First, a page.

BY SOPHIE KEPREOTES
I met up with Mitch in his art studio; also known as his Dad’s house and his childhood home.
Mitch explains that art first came into his life at a young age. Growing up in a big family and spending a lot of time at his grandparent's place “we were
always sitting around the table drawing away”.
In high school, Mitch admits that when doing art "I just didn’t have the care to learn, which I kick myself about now because that is what I am intrigued
about, people’s practice”.
After leaving school he bought a tattoo machine and started working as an apprentice. “I left that and thought how can I transform this into something
else, where can I take it and how can I make money from it?
“I started painting and I lived in a warehouse opposite Wickham train station and there was a big wall and I was like, fuck it I’m just going to paint
something on there, so I painted this mural. Some guys saw it that worked for different brands and they were like we should get you to do some stuff
"People started coming to me and they were like can you design my logo? And in my head I was like, I’m not a designer, but the internet is available for
everyone to learn. That’s how it started and over time I accumulated all these different types of tools and learnt all this different type of shit.
It has just evolved into this big colourful world and it’s just amazing.”
Describe your personal art style?
"I like to use a lot of over saturated colours. The brighter the better, it makes people smile, it’s just about sending that positive message which I think
art should be about, my art anyway.
My art is pretty diverse, I like to challenge myself. As far as the digital goes it is all hand drawn… then that is scanned into the computer.
It’s talent, but it’s practice. I’ve been doing it for 15 years, you do anything for that long you have to be getting better at it."
What has been your biggest challenge working for yourself?
"Finding time to work on my own stuff as opposed to working for other people. It's hard because you have to make money, you have to make a living but at
the same time, you want to do all these cool things for people to hire you as well. "
It has obviously been possible for you to pursue art and stay living in Newcastle?
"I think so. It’s not hard to see that it is evolving; there are more opportunities for creatives. We need to see more things like Hit The Bricks Festival.
Art should be seen as something positive and not spend money removing graffiti. There are a lot more people that want it than don’t, but they are the
voices you don’t hear. I think the change is there but everything happens slowly, but I can definitely see the wheels are in motion for sure."
Has social media helped your career?
"Massively, that is my biggest help, without that it would be a lot harder. Instagram is my main platform, which is where most of my jobs come from. My
website is great as well, which has my shop which is nice for the pocket. Newcastle, the community is just so supportive, that is why I don’t want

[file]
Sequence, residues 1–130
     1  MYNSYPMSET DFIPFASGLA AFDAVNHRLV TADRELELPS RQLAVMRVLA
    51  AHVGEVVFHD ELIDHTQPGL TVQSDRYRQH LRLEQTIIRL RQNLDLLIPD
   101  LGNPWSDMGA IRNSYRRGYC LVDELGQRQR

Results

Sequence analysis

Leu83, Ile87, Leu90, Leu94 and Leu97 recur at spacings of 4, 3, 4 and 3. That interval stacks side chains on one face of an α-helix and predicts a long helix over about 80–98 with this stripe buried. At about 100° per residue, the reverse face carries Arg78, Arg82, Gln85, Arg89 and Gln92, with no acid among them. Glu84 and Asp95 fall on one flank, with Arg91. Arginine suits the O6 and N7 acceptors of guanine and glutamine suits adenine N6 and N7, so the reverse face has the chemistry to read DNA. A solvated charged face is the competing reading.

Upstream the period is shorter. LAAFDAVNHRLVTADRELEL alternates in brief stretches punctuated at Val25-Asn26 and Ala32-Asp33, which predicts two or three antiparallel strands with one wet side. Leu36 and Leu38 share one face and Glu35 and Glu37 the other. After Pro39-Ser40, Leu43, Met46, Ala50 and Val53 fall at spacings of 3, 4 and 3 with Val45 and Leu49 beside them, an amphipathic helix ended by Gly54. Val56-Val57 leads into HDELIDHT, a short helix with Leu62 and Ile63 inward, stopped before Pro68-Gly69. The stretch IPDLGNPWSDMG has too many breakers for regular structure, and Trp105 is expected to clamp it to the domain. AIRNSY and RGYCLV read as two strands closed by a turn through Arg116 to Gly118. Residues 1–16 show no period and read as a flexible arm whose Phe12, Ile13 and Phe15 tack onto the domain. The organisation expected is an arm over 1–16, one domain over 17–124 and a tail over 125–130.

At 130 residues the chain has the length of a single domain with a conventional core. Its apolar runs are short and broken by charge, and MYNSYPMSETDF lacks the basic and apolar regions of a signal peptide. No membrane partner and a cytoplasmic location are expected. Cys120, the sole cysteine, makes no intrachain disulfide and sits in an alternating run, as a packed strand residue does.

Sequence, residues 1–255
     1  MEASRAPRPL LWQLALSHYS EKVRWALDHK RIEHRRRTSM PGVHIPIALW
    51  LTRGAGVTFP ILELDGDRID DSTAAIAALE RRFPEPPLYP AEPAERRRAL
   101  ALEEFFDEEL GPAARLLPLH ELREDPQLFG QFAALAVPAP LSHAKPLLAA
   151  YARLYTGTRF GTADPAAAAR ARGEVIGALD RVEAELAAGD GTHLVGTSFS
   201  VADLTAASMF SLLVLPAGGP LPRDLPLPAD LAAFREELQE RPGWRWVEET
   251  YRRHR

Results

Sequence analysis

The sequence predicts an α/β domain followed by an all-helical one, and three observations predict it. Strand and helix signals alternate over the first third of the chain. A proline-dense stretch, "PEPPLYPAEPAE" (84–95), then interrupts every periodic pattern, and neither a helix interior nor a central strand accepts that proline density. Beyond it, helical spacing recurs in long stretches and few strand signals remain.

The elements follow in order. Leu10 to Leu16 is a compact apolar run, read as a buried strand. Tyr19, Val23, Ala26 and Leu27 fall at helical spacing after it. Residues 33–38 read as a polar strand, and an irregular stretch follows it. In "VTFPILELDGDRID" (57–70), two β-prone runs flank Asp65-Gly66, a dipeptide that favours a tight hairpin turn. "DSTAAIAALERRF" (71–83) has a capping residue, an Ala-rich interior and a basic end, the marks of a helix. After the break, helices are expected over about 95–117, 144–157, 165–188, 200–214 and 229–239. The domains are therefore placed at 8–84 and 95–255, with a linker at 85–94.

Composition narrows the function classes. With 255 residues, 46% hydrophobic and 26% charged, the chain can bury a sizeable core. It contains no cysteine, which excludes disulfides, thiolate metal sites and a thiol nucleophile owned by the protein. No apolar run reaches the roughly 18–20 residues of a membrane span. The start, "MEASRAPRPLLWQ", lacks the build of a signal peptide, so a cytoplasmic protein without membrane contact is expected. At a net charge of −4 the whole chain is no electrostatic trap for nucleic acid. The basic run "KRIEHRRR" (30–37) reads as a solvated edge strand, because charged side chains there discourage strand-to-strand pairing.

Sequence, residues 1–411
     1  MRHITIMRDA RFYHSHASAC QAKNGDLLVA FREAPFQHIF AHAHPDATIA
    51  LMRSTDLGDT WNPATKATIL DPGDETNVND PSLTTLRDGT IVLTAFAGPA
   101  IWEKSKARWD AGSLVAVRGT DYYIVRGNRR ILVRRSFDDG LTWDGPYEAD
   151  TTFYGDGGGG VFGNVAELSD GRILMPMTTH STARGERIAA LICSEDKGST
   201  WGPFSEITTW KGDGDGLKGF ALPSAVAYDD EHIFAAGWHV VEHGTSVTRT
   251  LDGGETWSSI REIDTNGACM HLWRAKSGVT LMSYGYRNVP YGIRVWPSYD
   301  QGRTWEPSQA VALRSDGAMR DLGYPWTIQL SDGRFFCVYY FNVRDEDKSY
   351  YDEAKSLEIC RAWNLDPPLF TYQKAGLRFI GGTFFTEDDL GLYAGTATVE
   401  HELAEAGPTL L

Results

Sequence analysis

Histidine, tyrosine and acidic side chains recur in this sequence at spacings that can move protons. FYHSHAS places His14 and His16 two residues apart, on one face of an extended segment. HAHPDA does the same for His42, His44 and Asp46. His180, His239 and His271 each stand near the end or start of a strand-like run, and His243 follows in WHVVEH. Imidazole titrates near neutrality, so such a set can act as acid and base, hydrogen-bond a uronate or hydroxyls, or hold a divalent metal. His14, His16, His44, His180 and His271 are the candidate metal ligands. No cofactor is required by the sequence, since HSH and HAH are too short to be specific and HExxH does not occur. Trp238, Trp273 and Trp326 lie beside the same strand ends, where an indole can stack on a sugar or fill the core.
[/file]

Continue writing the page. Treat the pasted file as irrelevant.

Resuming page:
I think it gives creatives who aren’t in the limelight opportunity and the chance to be something more."
Will we find your artwork at any of the local markets?
"Hunt&Gather was massive for me last year. I think markets are one of the most stressful things you can do. When you are on a time limit and you're
doing it on your own and you have to worry about parking, and people are there while you are setting up and it kind of gets a bit much. So I sucked
it up last year and did it. For me it wasn’t about the money I would rather just give away 100 business cards and people can just see what I do and
talk about it. I’ve taken a step back from that this year; I’ll probably wait till summer.
My focus the past couple of months have been working on a new exhibition. My last solo show was at the end of 2015, which was great I had 52 original artworks.
"November is my next solo show. I need a date otherwise it will never happen.
It will also be a touring show, probably go to Melbourne and Sydney. Just because my following has expanded over the years just from working and collaborating
with other people, and I feel like there are people in those states that would like to see what I do as well. Because it is so much different, my artwork,
seeing it in real life as opposed to seeing it on a computer screen. It’s digital art but to be able to look at it closely, see the detail and the
colours it is so much different in the frame."
Where are your favourite coffee and food places in Newcastle?
"Drift Café is my spot every morning. I was there half an hour before you guys came here. That’s my go-to and over time they have just become my best friends
as well because I’m there every day. It’s a cool little zone, it's on the way to the beach, you just drive through pick up your coffee, go check the
waves, come back and have breakfast. There are a lot of great places in Newcastle for sure, but I like to support my local."
Any other future plans we can expect to see of you?
"I did a kids book last year called ‘Stand Up Stand Out’ with Joel Pilgrim as a part of the One Wave organisation It was all about mental health and the
book was basically a tool for parents to raise the topic of mental health with their parents because it is an awkward conversation to have, not something
that just pops up.
I’ve always had this idea after that, that I would like to help kids get involved in art because I think it is so important at that age to have that a
part of your life. So maybe like going into art classes. I’ve done a bunch of kids classes down in Sydney at the library and with the council and I
love it. I love seeing their faces when they are creating. So I’m thinking of maybe running holiday classes, teaching kids about art would be really
cool, that’s definitely a future plan."